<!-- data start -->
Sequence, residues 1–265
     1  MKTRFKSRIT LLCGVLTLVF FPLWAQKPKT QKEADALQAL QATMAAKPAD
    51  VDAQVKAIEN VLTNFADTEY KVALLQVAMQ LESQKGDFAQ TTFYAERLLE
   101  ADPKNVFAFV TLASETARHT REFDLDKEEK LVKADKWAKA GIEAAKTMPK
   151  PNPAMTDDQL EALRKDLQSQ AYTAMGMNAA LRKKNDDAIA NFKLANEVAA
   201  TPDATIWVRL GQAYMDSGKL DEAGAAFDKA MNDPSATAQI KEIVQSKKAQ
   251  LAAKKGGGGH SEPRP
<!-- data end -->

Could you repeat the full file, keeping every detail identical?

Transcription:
Sequence, residues 1–265
     1  MKTRFKSRIT LLCGVLTLVF FPLWAQKPKT QKEADALQAL QATMAAKPAD
    51  VDAQVKAIEN VLTNFADTEY KVALLQVAMQ LESQKGDFAQ TTFYAERLLE
   101  ADPKNVFAFV TLASETARHT REFDLDKEEK LVKADKWAKA GIEAAKTMPK
   151  PNPAMTDDQL EALRKDLQSQ AYTAMGMNAA LRKKNDDAIA NFKLANEVAA
   201  TPDATIWVRL GQAYMDSGKL DEAGAAFDKA MNDPSATAQI KEIVQSKKAQ
   251  LAAKKGGGGH SEPRP